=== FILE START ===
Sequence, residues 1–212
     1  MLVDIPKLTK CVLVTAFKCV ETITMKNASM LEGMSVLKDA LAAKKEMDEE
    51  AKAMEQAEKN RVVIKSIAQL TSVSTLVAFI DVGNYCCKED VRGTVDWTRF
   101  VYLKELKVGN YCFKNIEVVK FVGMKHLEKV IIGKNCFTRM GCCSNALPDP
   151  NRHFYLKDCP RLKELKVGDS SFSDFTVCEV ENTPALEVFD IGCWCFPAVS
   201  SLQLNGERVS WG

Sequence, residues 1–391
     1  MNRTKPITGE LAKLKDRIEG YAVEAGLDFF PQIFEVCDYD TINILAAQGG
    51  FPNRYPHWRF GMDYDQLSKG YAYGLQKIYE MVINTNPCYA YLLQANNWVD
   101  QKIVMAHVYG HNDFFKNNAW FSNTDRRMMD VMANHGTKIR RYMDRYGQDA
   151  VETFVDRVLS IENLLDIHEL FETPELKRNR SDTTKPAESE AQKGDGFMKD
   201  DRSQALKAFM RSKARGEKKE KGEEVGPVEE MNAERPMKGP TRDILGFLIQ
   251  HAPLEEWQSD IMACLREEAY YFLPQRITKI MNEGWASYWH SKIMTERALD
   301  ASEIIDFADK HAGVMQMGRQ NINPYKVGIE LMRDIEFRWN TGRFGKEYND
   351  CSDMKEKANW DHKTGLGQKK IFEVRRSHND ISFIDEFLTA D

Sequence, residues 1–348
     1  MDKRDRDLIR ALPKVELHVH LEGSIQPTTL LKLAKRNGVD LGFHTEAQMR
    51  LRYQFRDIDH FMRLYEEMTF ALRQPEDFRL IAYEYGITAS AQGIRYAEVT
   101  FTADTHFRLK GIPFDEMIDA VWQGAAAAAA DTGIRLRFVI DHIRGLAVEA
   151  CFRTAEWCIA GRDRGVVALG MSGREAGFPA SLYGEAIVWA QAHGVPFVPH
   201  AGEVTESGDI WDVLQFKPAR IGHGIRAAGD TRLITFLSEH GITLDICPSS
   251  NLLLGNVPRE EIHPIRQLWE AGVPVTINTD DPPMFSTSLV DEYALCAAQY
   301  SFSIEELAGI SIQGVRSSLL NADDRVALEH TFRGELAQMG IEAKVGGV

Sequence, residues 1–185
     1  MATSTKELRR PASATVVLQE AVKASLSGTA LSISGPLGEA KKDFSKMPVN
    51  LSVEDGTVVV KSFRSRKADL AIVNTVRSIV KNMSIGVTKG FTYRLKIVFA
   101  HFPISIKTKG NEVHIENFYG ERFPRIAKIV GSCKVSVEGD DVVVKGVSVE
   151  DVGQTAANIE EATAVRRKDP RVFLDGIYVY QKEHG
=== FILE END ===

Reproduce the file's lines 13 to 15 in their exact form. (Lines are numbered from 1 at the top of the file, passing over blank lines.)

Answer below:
   251  HAPLEEWQSD IMACLREEAY YFLPQRITKI MNEGWASYWH SKIMTERALD
   301  ASEIIDFADK HAGVMQMGRQ NINPYKVGIE LMRDIEFRWN TGRFGKEYND
   351  CSDMKEKANW DHKTGLGQKK IFEVRRSHND ISFIDEFLTA D